Major Dark Web Player goes offline: Could it be an exit scam?
One of the Dark Web's biggest marketplaces for illegal online trades was taken offline this week, with reports circulating that it was part of an 'exit scam'.
The AlphaBay marketplace had a user base of more than 20,000 users, whose unencrypted details have now been exposed as part of the shutdown.
Digital Shadows VP of strategy, Rick Holland, says that the site continued to release new features, including security enhancements.
"We confirmed that the site remained inaccessible at the time of writing. We detected only speculation as to why the marketplace was not accessible at the time of writing, with multiple users on Reddit suggesting an exit scam had taken place," Holland says.
Reports circulated that police raided two AlphaBay vendors' houses,, according to Holland.
Others have speculated that two large Bitcoin transactions to addresses belonging to AlphaBay owners were evidence of the owners stealing money - around US$3.8 million in Bitcoin.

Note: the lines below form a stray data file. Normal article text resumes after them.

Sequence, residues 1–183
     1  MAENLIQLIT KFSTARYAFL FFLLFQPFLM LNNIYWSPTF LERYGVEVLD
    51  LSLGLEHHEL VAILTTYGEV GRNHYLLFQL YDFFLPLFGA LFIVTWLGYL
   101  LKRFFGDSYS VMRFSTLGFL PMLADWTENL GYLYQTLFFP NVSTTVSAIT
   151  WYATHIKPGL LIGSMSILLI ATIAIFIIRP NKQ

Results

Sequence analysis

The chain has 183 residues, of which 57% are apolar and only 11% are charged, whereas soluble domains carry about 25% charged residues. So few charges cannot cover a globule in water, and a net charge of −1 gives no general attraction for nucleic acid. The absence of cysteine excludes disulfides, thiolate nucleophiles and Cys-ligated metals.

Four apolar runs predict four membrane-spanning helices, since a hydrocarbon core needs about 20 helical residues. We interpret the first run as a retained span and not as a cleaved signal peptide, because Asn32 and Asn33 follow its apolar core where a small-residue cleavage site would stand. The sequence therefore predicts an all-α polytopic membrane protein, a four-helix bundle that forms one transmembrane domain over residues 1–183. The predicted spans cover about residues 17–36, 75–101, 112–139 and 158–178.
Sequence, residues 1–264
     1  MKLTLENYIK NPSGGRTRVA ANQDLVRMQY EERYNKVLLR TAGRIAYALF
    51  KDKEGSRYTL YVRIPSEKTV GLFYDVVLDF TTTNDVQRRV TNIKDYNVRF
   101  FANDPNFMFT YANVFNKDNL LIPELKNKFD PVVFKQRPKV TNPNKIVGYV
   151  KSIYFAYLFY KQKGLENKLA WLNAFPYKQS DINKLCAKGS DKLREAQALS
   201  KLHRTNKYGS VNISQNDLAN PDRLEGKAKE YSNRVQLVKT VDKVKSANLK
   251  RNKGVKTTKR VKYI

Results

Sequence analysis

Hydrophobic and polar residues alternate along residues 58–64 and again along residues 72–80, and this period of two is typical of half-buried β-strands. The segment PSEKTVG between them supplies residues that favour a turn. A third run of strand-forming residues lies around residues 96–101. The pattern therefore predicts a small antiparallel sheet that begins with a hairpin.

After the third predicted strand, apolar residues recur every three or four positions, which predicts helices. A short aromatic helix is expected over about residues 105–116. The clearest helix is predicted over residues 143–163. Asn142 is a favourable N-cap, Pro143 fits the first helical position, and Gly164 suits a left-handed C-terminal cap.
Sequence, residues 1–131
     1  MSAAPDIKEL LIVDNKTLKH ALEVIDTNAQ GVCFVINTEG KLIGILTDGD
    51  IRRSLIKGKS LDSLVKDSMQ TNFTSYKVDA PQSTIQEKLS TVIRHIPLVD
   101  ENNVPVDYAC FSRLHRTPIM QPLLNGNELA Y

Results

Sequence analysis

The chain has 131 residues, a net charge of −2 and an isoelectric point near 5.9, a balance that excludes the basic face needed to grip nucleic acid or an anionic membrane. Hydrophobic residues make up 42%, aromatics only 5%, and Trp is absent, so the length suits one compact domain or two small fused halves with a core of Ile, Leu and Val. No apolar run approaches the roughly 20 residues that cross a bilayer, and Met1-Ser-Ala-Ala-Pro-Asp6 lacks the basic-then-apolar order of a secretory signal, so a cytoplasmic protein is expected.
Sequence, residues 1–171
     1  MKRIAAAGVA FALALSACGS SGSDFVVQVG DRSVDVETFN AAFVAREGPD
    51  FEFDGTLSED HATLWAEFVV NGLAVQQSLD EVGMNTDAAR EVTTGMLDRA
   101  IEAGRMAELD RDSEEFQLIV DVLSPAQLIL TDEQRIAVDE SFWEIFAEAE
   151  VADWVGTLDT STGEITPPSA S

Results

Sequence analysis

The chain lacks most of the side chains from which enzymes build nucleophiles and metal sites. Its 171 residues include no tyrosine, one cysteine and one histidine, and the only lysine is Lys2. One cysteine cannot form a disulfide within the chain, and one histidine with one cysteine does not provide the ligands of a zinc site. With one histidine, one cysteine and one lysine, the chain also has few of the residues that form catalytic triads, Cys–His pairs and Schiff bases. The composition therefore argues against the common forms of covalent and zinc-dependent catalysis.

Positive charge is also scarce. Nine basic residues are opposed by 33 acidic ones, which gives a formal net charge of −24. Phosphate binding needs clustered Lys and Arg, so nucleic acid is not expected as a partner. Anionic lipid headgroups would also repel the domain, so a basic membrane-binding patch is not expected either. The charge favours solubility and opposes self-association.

Holland says there is no evidence of that claim yet. He says that exit scams, such as those suspected in the AlphaBay case, aren't new and are actually quite common.
"These exit scams are one of the risks when conducting business in criminal marketplaces. The increasing value of BTC (>$2,500 as of today) makes exit scams appealing. These exit scams are often the first assumption when a marketplace goes offline, however there are alternatives including intrusions from other criminals, DDoS attacks from competitors, law enforcement interdictions, and even unannounced site maintenance," he says.
"Multiple vendors of compromised data, payment card details, malware and other services would have to seek other online services. The Dream and Hansa markets are likely to benefit from any potential Alphabay demise. Digital Shadows is tracking this development and will provide updated analysis as it becomes available."